Once we'd landed and changed from our paddling clothes we decided to take a stroll inland to look at Cara House.
Built in about 1733, Cara House was the residence of the tacksman who
held the island who held the island from its proprietors, the MacDonalds
of Largie. A "tacksman" was essentially a leaseholder who could
sub-let land which he leased from the land owner and this was a common
form of land holding at the time. The house has been renovated and is used as a holiday home by the family who now own Cara.
A large, imposing though not necessarily attractive building, Cara House is two stories with an attic.....
...where the Brownie's room is situated. It's said that there is often twinkling light seen from this attic and noises heard from within the house.
A little to the east of Cara House lies a ruined chapel. Hamish Haswell-Smith in his indispensable "The Scottish Islands" states that the chapel is the ruin behind the house (to the west) "which could easily be be mistaken at first for a sheep pen", but from what we could see and from the evidence on the Ordnance Survey map, it seems that the chapel is the ruin to the east.
Dedicated to St Fionnlugh, the chapel probably dates from the late Middle Ages but had ceased to be used for ecclesiastical purposes by the 1770's.
The inshot splayed windows are quite well preserved and dressed with sandstone - similar to the dressing on sites such as Skipness Chapel, though much simpler here.
A grey stone slab propped against the ruin looks to have been shaped for insertion into the ground and may well have been a grave-marker.
On the east side of Cara is a bay called Port na Cille (Port of the (monks) cell) - it's a good landing place and would probably have been the means of access to and from Cara for the monks.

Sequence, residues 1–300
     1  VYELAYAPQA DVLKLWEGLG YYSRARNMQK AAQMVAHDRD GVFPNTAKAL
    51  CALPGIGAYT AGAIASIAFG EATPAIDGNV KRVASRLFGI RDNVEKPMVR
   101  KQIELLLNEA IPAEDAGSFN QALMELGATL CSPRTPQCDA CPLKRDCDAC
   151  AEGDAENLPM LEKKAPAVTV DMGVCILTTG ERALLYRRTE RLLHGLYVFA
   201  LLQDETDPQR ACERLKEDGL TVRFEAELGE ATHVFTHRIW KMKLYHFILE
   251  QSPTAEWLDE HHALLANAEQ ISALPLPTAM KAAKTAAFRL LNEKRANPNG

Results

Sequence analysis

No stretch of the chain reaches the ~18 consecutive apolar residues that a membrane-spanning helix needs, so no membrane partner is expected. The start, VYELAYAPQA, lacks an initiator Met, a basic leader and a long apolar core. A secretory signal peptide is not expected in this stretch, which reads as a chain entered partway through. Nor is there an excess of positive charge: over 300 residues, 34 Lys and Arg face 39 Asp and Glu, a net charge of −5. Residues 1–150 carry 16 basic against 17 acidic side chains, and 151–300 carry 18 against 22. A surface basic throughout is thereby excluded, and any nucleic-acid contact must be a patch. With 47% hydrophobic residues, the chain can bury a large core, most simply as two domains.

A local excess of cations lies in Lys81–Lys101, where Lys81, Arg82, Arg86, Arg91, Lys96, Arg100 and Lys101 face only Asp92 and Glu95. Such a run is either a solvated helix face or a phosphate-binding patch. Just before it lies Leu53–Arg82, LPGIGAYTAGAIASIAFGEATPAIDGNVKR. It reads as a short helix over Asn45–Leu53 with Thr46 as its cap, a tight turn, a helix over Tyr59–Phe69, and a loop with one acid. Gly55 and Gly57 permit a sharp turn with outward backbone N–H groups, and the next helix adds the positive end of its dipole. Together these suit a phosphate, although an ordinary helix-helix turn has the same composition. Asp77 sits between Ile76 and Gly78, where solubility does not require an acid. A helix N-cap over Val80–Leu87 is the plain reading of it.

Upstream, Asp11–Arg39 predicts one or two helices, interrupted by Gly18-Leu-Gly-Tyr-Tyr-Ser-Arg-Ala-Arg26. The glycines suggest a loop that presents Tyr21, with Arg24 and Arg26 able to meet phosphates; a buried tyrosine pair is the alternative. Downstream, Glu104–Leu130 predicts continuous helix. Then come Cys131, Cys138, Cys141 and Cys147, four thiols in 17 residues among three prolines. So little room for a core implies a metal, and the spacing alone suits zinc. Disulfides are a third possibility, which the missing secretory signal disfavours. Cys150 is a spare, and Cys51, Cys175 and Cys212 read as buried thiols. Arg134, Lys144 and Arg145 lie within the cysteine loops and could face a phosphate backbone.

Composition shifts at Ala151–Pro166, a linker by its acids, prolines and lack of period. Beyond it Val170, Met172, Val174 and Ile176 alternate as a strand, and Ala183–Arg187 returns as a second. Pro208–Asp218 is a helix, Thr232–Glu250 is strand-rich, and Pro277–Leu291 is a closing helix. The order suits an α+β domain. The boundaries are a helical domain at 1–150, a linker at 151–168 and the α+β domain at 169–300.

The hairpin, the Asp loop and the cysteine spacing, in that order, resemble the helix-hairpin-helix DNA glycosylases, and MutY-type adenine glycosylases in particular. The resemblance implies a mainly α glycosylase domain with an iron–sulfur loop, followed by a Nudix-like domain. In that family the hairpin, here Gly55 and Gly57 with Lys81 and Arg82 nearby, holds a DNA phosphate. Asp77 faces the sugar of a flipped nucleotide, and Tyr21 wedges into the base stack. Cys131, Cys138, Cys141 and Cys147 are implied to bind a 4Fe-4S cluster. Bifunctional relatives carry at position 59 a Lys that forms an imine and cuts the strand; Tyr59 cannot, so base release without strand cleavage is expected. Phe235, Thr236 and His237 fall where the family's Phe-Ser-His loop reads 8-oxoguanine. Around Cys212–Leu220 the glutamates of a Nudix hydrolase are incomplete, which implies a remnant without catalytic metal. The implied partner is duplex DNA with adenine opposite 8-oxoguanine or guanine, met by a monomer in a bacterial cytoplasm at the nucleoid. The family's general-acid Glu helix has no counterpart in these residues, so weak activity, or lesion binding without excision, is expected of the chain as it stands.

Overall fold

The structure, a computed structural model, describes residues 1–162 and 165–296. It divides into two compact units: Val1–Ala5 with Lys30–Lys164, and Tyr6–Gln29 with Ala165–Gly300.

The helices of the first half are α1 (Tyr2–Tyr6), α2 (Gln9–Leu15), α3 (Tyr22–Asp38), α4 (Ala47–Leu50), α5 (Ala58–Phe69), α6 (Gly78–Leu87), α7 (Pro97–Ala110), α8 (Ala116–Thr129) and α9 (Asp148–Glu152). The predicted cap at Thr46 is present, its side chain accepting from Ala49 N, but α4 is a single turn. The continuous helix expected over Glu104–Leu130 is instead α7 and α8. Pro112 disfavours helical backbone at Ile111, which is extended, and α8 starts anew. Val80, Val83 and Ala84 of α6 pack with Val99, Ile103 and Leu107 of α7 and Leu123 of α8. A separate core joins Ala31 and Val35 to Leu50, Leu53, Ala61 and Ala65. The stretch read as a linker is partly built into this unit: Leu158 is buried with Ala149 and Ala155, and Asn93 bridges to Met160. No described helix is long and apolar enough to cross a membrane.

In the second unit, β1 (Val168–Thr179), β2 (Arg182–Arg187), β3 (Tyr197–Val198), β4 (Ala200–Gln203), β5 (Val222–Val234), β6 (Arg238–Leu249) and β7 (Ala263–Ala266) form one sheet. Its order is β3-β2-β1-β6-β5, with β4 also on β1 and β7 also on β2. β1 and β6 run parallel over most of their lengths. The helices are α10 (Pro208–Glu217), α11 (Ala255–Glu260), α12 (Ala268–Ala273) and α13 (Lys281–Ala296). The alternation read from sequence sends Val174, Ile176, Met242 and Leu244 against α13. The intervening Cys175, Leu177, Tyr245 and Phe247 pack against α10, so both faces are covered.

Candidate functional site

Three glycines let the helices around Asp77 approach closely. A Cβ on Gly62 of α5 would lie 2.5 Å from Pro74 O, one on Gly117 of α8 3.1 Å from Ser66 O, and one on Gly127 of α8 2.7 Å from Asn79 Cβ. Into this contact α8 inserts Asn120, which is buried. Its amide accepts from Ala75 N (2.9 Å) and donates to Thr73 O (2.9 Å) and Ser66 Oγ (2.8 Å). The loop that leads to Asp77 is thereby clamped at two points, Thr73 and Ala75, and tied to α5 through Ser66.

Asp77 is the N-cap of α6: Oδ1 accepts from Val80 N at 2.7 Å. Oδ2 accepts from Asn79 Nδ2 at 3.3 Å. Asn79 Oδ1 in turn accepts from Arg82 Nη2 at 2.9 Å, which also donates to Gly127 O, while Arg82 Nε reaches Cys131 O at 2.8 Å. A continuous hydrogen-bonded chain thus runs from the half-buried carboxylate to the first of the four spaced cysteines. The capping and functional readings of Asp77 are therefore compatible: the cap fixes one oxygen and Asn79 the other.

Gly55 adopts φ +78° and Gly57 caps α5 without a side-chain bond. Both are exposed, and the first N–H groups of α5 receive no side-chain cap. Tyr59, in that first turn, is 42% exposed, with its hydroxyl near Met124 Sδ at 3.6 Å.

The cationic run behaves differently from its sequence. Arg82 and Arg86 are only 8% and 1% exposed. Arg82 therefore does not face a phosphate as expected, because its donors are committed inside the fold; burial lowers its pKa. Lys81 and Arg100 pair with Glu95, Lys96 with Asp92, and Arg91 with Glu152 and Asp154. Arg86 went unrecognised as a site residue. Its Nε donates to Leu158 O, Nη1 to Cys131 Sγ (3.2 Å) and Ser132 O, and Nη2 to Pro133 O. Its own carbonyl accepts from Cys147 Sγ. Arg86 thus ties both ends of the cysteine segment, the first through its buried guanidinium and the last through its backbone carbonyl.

Returning to our camp, we cooked and ate our meal and then lit our fire. We had plenty of dry driftwood and a quantity of seasoned logs, and used the base of a broken creel washed up on the shore as a windbreak from the breeze.
Sitting back in our camp chairs, we admired a dome of stars washed with a swathe of the Milky Way, spotting several satellites moving across the sky. Frothing Sports Recovery drinks in hand, we reflected on how fortunate we are to be able to experience all that we had on this and so many other days.
As the fire developed, so did the heat - "flickering embers going higher and higher" as Paul McCartney wrote nearby. In fact, of all the fires we've enjoyed, this one was one of the smaller examples, but gave a heat out of all proportion to it's size. More thermonuclear device than campfire, it was so hot that it changed the properties of the bottom part of Douglas' trouser legs!
We had to wait quite a while for the fire to burn down enough to cook our Sweet Potato and Potato The recipe is simple enough - wrap in strong foil, bake in the embers at "Log Mark 6" for about 40 minutes and serve with a little butter and salt on one of the remaining split logs - more holz cuisine than haute cuisine!